ZURICH Visitors to Art Basel would be well served to hop on the train to Zurich for a break from the madness, when a host of new exhibitions open in expectation of overflow from the art fair juggernaut. Switzerland may be characterized as a country full of order, but there are plenty of places in town to let your hair down too. There is also a nod to the things we wear upon our clothes, and for his solo exhibition at Galerie Maria Bernheim (9 June–28 July), Mitchell Anderson shows two metre-wide paintings of campaign badges for the various Kennedys who have run for office from 1957 to date. Look out too for major retrospectives: Imi Knoebel at the Museum Haus Konstruktiv (until 2 September) and Christo at the Galerie Gmurzynska (until 30 June). Both have strong Swiss connections: Knoebel’s ever-changing re-imagining of geometries operate in a tradition well appreciated in the country; and Christo and Jeanne-Claude (until her death in 2009) often developed their ideas in Switzerland—though the authorities turned down a proposal to wrap Lake Geneva’s famous fountain jet. Talking of lakes, the Swiss have a reputation for being almost too well behaved, yet they shake that off around Lake Zurich in the summer, when eighteen wooden pontoons fill up with sunand-water bathers who stay on into the night as the lidos become bars. If that makes you hungry, bear in mind that the cheese fondue was invented in Zurich: it may have a rather retro, 1970s image in the world at large, but can be a treat if done well. Another unusual dining option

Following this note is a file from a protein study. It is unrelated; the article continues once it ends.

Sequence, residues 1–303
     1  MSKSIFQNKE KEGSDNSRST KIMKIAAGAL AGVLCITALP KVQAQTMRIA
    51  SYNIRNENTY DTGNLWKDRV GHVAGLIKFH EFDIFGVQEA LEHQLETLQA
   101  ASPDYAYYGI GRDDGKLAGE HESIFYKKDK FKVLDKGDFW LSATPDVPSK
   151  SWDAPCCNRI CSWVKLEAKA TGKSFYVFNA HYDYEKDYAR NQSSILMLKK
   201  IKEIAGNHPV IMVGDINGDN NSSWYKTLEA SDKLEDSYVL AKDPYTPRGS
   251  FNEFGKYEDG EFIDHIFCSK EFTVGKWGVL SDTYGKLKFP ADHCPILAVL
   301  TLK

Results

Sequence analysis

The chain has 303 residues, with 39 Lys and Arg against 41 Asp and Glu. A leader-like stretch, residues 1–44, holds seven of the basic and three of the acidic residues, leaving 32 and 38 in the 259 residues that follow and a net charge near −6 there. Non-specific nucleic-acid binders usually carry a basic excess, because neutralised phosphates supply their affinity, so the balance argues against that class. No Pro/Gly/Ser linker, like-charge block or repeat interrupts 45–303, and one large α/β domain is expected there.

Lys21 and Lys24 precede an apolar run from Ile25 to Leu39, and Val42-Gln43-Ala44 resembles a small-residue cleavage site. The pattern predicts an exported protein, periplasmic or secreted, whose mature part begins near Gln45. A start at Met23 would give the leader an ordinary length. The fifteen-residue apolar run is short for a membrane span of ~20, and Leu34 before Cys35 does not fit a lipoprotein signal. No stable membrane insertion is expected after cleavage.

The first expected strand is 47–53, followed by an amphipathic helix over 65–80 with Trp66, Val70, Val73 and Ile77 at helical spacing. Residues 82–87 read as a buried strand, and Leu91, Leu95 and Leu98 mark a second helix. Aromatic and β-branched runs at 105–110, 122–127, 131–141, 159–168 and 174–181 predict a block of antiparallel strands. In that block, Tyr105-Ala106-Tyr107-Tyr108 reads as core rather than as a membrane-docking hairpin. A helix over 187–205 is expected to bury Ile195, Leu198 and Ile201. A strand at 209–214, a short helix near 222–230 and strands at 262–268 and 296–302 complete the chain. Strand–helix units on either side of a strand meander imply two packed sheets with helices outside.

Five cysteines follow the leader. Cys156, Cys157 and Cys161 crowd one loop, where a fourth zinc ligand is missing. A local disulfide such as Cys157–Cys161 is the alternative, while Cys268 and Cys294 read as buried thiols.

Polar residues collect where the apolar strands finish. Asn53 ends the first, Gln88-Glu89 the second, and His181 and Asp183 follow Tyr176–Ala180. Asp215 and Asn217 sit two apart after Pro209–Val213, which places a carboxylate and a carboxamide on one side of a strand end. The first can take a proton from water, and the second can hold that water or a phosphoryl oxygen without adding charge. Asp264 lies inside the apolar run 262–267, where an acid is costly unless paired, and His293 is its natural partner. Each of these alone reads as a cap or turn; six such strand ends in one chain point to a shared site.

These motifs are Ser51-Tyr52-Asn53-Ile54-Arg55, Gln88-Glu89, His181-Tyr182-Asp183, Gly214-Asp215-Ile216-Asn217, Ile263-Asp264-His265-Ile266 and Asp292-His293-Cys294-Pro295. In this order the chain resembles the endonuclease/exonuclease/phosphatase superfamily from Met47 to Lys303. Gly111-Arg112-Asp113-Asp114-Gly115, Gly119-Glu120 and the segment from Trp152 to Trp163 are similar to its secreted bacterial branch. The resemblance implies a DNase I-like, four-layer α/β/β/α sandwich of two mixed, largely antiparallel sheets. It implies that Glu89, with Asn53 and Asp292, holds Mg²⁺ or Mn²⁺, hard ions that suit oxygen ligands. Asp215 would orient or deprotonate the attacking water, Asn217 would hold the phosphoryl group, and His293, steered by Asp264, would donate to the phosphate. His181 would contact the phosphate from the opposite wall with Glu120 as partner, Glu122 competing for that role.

arises from the trend towards pop-up restaurants, which run temporarily without committing to the high fixed costs the galleries suffer, leaving word of mouth and social media to ensure that the latest hot spots are well patronized. Is there an ace fondue pop-up? That’s your Zurich challenge! (Paul Carey-Kent)
This page Mitchell Anderson Fortunate Son, 2017 Acrylic on canvas 200 cm diameter
COURTESY THE ARTIST AND GALERIE MARIA BERNHEIM, ZURICH. PHOTO BY ANNIK WETTER
Zurich is ranked as one of the world’s most liveable cities, but that’s not because it’s cheap, and for all Switzerland’s reputation as an epicentre of the finance world, the art scene has felt the pinch in recent years. Look no further than the Löwenbräu Areal on Limmatstrasse, a former brewery which was refurbished as a prime location for galleries in 2014. The building has a somewhat muted air, having lost occupants recently. Nonetheless, there remain plenty of galleries in four main geographical groupings. All rely significantly on the business-critical week of the nearby Art Basel, prior to which many open new shows on the weekend of 9–10 June. One current theme is the dramatic intersection of art and fashion. Fifty artists from the Renaissance to the present day deal with such eccentricities as codpieces, crinolines and slashed clothes in Fashion Drive. Extreme Clothing in the Visual Arts at the Kunsthaus Zürich until 15 July. One of them is Jakob Lena Knebl, who once dressed as an iconic sofa. Young American fashion photographer Erik Madigan Heck has also crossed into the contemporary art scene with his distinctive treatment of patterning, as demonstrated by his solo show at Christophe Guye Galerie until 25 August.